CDT supports the goal of reducing online infringement. Large-scale copyright infringement undermines First Amendment values in promoting expression and threatens the growth of new media and e-commerce. With respect to the particular focus of this hearing, CDT recognizes that there are websites whose main purpose and activity is to enable and promote infringement. These sites are true “bad actors” and they deserve to be the target of law enforcement.
CDT believes, however, that the specific means chosen to address infringement matter a great deal. Some tactics may be attractive from a copyright protection perspective, but would carry significant costs to important values such as innovation and free speech. CDT urges members of this Subcommittee to be aware of this risk and to carefully avoid tactics that would impair lawful Internet-based media and communications tools that are of growing value to consumers, the economy, and society in general.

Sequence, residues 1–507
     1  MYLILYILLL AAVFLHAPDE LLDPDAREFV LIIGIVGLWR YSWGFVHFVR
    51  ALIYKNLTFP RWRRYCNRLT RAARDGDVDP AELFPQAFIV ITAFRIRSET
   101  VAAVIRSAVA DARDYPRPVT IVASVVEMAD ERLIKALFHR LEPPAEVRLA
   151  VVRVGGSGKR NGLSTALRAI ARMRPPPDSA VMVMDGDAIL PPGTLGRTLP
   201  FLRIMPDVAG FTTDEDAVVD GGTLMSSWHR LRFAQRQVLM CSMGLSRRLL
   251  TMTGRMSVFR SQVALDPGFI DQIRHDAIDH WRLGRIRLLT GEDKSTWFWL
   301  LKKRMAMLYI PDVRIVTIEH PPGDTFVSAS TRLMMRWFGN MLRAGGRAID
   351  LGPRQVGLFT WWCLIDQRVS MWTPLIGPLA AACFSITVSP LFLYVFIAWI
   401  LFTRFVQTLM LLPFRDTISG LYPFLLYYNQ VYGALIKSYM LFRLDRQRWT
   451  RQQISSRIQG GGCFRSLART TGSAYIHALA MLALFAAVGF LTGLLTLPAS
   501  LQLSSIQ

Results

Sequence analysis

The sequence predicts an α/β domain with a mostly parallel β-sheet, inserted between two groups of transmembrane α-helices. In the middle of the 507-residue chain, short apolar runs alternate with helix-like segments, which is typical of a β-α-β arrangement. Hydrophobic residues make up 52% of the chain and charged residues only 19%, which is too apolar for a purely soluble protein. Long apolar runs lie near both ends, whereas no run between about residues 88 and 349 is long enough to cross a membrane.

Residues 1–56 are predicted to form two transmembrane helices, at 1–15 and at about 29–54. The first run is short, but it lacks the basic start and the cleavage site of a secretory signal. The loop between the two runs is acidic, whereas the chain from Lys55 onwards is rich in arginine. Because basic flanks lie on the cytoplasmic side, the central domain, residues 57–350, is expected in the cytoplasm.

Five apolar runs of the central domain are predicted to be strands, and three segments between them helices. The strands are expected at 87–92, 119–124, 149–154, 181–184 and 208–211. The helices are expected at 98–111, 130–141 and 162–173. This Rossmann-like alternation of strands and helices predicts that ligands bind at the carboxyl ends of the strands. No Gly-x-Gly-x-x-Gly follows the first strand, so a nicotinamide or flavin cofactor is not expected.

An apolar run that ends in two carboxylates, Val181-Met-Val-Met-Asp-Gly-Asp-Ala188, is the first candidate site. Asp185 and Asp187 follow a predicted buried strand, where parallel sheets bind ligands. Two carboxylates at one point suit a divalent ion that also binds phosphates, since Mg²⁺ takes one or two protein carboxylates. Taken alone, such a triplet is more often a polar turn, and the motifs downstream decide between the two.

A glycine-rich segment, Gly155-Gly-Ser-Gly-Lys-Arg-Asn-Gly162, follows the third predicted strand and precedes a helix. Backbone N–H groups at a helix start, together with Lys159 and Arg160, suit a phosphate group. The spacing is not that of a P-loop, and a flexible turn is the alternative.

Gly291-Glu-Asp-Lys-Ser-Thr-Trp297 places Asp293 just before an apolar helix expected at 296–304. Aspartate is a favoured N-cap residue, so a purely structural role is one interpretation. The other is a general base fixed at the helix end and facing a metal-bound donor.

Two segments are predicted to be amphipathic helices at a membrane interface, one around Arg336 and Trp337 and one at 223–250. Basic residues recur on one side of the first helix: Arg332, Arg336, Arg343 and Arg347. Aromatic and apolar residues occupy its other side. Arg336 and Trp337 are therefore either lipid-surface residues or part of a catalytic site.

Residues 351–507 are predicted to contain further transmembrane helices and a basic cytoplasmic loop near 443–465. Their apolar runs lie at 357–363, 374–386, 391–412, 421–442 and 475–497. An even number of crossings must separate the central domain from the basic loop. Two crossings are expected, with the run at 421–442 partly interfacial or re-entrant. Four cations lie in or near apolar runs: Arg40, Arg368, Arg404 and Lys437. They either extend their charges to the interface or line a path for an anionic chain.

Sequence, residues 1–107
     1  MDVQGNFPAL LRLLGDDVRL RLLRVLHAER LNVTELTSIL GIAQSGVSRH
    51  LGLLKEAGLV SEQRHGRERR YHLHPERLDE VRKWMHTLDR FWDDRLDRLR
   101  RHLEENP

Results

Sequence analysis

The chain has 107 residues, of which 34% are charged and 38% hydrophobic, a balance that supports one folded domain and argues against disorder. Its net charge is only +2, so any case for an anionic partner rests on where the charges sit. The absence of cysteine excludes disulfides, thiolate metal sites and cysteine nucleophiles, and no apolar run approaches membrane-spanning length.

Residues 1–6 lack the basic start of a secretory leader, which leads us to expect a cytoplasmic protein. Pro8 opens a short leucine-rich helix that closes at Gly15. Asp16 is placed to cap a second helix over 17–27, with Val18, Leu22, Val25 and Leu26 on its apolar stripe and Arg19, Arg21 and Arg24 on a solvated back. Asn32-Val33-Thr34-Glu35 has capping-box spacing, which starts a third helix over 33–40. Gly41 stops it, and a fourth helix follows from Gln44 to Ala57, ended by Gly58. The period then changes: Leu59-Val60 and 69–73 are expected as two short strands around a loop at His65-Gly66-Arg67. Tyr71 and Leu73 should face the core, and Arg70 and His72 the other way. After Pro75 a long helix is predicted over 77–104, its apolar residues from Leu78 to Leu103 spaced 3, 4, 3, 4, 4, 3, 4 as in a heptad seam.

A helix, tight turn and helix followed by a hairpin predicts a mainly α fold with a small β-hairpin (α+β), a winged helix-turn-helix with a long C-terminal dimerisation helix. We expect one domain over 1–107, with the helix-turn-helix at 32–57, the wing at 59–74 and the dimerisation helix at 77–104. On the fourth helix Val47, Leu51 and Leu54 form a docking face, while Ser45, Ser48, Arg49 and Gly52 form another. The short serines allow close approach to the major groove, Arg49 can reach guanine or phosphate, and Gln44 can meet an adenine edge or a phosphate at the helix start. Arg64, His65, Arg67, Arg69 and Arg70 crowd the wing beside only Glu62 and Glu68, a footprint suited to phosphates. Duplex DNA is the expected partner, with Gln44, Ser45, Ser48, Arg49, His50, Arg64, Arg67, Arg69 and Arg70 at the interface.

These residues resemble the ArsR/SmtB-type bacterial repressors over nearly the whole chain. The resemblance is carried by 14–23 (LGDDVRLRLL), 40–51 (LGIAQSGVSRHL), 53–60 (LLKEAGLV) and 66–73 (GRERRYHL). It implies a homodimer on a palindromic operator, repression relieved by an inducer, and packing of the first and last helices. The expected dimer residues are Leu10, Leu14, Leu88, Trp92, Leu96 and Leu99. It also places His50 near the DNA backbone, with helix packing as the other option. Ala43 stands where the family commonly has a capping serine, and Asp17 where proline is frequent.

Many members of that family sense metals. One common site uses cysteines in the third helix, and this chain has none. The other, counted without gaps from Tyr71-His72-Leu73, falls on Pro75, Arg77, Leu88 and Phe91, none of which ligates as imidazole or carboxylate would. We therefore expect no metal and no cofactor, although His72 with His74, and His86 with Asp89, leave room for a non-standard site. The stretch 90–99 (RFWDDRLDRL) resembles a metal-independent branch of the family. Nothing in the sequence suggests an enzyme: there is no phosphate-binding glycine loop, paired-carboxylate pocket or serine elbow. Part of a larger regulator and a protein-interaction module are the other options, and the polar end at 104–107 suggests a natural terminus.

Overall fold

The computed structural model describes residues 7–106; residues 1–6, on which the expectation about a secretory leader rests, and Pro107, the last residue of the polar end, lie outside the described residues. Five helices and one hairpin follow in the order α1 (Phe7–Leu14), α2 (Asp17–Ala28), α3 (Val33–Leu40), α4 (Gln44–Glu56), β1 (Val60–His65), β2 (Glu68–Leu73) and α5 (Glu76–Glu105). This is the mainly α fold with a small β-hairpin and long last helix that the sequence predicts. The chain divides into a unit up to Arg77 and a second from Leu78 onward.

After a brief note regarding the scope of the problem, this testimony will offer several principles for evaluating proposed policy approaches. It will then address the significant concerns raised by a specific enforcement tactic that has received considerable attention in recent months: the idea of combating allegedly infringing websites by ordering the seizure or blocking of their domain names. In short, CDT believes that legislation targeting domain names would be ineffective at achieving the goal of reducing infringement. At the same time, a domain-name approach would threaten unintended collateral damage in a number of areas, including suppressing lawful speech; exacerbating cybersecurity risks; and encouraging a dangerous global scrum in which each country tries to use the domain name system to assert domestic jurisdiction over foreign websites. Congress should not pursue such an approach.